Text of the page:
By Alina Selyukh
(Reuters) - U.S. health officials are launching a trial of a program meant to speed up Medicare payment decisions for new medical devices.
The Food and Drug Administration, which regulates the safety and effectiveness of the devices, will review new products in parallel with the Centers for Medicare and Medicaid Services, the agencies said on Friday.
The pilot program could help device makers avoid situations in which they receive FDA approval only to discover that their products fail to win coverage under Medicare, the federal insurance program for the elderly.
Currently, Medicare often does not begin its reviews until the FDA -- which is not supposed to take cost into consideration -- approves the products. A Medicare coverage decision can make or break a medical product.
"The parallel review program has the potential to increase patient access to innovative devices that improve clinical outcomes," CMS Chief Medical Officer Dr. Patrick Conway said in a statement. "Our goal is to reduce regulatory burden and improve patient outcomes."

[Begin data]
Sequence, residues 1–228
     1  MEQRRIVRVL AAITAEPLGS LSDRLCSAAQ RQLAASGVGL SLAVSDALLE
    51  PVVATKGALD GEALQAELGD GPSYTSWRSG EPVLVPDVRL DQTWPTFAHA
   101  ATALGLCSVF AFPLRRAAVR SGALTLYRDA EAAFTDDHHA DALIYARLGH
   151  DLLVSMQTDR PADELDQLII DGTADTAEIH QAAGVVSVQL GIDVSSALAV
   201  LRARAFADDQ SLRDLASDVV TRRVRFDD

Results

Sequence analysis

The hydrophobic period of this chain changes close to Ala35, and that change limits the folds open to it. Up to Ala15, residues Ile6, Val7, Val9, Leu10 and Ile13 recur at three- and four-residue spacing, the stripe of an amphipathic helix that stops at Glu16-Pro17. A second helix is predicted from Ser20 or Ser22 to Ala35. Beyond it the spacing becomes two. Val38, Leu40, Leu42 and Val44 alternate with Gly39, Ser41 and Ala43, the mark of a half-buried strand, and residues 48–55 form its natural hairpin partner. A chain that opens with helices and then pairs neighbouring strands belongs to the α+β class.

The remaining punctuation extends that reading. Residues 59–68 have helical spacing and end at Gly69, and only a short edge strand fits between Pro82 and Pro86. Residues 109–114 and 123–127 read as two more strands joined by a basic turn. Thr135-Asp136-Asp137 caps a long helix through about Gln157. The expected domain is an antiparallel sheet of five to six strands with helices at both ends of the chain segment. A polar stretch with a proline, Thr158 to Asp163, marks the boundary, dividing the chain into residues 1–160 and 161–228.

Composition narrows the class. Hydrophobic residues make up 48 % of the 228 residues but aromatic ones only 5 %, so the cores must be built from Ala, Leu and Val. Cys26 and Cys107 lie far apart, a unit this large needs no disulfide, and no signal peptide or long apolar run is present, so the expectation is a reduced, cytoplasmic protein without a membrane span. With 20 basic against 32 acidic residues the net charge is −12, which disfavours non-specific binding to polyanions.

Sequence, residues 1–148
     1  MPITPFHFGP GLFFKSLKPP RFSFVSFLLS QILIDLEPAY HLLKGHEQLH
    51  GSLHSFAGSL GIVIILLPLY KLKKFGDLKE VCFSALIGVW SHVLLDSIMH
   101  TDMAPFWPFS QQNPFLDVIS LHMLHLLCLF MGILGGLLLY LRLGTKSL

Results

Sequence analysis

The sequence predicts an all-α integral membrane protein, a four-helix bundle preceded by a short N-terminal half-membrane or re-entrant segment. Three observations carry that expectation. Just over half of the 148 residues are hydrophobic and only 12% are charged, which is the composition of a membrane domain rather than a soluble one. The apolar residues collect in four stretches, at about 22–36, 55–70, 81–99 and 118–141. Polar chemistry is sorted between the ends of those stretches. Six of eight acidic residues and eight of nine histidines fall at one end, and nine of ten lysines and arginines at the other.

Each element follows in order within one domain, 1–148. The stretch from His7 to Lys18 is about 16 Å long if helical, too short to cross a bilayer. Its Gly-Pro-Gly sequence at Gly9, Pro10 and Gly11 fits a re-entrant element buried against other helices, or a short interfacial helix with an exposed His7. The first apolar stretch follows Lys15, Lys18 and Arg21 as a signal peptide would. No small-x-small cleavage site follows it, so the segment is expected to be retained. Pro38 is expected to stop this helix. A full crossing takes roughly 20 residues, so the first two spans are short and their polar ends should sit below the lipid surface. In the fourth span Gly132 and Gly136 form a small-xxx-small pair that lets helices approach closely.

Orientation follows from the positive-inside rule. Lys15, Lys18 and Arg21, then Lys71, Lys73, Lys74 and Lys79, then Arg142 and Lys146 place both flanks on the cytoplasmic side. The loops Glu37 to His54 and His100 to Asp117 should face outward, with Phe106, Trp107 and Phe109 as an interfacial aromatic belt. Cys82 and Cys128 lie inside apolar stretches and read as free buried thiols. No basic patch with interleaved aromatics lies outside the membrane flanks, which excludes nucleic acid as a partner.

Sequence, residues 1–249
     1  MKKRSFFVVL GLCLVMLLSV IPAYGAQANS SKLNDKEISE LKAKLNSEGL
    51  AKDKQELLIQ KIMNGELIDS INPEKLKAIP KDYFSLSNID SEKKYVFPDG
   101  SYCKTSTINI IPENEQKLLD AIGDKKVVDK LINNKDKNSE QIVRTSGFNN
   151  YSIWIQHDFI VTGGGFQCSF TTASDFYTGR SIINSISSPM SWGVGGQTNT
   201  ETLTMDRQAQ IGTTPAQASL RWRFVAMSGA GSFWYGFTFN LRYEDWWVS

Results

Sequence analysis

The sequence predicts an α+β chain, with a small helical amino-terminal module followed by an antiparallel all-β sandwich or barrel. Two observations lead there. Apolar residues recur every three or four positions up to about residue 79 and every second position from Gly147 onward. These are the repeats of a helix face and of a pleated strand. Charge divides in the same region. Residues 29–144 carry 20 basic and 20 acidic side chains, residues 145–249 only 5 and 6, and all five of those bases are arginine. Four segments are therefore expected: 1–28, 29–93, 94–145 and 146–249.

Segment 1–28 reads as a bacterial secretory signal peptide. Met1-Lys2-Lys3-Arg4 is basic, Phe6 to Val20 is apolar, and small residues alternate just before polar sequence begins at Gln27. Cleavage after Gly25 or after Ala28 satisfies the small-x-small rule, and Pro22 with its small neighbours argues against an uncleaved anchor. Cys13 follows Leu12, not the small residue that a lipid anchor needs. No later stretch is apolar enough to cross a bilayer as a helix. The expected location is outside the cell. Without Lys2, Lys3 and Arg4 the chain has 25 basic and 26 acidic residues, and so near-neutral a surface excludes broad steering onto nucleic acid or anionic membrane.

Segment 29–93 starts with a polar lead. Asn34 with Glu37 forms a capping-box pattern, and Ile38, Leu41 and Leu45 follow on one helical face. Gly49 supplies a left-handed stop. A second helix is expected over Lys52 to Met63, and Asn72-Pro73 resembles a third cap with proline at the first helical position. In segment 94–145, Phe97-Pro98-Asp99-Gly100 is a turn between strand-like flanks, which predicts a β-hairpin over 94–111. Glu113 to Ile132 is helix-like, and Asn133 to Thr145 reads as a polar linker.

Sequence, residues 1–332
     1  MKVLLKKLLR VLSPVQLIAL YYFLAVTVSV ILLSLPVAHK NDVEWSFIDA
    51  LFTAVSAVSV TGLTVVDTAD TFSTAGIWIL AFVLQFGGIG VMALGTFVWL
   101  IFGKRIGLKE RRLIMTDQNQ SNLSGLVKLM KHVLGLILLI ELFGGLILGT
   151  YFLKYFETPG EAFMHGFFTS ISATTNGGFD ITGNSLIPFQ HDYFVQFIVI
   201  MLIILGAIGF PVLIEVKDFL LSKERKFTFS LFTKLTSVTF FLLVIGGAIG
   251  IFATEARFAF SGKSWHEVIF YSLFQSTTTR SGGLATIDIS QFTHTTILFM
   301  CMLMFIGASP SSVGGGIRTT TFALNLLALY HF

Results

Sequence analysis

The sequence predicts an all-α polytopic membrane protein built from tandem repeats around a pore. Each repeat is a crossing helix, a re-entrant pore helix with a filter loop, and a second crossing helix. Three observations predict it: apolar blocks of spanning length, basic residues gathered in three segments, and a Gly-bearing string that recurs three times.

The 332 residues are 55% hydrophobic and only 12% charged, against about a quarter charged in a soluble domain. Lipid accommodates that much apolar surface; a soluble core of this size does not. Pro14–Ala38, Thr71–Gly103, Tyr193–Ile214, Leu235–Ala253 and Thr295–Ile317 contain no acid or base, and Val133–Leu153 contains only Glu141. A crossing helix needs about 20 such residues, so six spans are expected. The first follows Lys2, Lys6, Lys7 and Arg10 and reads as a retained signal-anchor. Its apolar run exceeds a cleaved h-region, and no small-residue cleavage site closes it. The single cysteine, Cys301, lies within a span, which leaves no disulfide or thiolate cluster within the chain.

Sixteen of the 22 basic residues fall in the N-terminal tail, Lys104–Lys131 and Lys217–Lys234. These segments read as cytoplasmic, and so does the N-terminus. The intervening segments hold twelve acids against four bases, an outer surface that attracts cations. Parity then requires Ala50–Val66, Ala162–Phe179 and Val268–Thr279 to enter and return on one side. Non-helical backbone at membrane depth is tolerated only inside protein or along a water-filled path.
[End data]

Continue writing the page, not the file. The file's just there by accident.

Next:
The Advanced Medical Technology Association (Advamed), which represents device makers, said it was still looking at the program's details but supported any effort to boost timely reviews that are more predictable and efficient.
"However, we believe it is important to preserve the currently separate and distinct regulatory missions of FDA and CMS to ensure that each agency does not influence the functions and decisions of the other and to ensure the confidentiality of all proprietary information provided by manufacturers," Ann-Marie Lynch, Advamed's executive vice president for payment and healthcare delivery policy, said in a statement.
The FDA and the CMS said the "parallel review" process will not change their distinct standards. The agencies on Friday began accepting submissions for participation in the pilot program, which is voluntary and was proposed in September 2010.
For more on the program, please see http://www.fda.gov/parallel-review .
(Reporting by Alina Selyukh in Washington; Editing by Steve Orlofsky)